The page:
• FIGS. 5-6 are flow diagrams showing an exemplary method for virtually writing to a NFC writable component of a NFC device, in accordance with an embodiment of the present invention
  • FIG. 7 is an exemplary screenshot of a screen of a NFC device showing a menu for recording a message, in accordance with an embodiment of the present invention
  • FIG. 8 is an exemplary screenshot of a screen of a NFC device further showing the menu option “My Gems” of FIG. 7 , in accordance with an embodiment of the present invention
  • FIG. 9 is an exemplary screenshot of a screen of a NFC device showing recording options for recording an image once the camera icon shown in FIG. 7 has been selected, in accordance with an embodiment of the present invention
  • FIG. 10 is an exemplary screenshot of a screen of a NFC device showing various gem names and recording statuses of recordings of corresponding gems, in accordance with an embodiment of the present invention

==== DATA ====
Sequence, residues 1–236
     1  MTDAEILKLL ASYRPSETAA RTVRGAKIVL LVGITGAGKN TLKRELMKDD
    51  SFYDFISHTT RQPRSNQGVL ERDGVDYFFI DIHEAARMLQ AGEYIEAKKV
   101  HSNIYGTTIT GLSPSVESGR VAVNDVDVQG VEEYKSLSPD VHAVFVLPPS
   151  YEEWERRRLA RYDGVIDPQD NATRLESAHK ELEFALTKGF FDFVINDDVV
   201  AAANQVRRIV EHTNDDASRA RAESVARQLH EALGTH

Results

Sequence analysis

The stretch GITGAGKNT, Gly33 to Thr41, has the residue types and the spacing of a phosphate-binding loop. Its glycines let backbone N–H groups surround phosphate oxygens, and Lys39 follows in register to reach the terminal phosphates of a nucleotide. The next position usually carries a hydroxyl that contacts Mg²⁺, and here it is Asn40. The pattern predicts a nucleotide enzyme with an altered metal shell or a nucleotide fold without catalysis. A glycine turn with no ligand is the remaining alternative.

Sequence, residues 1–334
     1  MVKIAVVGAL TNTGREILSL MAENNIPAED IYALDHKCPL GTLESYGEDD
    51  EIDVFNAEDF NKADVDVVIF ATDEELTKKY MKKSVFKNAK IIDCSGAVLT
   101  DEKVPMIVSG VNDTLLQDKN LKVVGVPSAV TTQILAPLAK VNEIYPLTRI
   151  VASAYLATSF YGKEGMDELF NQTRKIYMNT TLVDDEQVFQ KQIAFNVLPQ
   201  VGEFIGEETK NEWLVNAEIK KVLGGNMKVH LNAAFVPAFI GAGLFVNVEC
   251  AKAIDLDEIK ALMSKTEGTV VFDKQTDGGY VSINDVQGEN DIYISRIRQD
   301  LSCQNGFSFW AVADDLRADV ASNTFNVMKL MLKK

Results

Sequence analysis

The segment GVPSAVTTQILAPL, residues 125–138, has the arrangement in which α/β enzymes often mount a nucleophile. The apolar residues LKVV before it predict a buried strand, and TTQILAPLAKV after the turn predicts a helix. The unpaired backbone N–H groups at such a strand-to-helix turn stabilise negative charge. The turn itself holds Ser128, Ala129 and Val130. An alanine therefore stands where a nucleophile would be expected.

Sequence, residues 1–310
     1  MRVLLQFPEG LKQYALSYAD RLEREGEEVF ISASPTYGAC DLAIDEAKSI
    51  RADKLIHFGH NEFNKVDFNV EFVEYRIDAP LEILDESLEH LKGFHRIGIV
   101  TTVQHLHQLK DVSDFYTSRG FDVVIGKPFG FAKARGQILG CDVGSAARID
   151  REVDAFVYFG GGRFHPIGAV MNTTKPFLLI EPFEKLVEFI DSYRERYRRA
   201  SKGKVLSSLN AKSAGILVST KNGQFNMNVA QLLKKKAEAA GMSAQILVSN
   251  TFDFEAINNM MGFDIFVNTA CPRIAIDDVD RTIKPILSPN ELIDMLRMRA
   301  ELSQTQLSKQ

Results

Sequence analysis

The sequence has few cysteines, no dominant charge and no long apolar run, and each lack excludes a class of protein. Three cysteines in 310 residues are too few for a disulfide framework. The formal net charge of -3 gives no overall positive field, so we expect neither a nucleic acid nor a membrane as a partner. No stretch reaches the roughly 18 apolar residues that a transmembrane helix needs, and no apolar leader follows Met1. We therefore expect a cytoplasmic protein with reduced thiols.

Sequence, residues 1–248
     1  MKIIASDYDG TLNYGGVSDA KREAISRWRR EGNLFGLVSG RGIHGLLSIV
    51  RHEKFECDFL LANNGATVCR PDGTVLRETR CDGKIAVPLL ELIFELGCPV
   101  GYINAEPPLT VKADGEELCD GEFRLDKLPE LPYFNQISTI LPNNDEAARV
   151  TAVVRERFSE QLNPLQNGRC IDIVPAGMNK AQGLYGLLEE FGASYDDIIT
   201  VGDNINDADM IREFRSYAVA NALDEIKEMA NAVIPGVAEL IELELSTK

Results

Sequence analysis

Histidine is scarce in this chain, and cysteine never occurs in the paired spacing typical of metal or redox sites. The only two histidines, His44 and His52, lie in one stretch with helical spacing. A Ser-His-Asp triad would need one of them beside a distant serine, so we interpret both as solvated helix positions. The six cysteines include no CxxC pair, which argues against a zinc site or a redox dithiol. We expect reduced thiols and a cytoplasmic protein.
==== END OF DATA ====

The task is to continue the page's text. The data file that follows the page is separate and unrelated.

• FIG. 11 is an exemplary screenshot of a screen of a NFC device showing options for reproducing a Jesus Film, Daily Audio Bible, and The Bible, in accordance with an embodiment of the present invention
  • FIG. 12 is an exemplary screenshot of a screen of a NFC device showing various days for playing back the Daily Audio Bible shown in FIG. 11 , in accordance with an embodiment of the present invention
  • FIG. 13 is an exemplary screenshot of a screen of a NFC device showing options for The Bible option of FIG. 11 , in accordance with an embodiment of the present invention.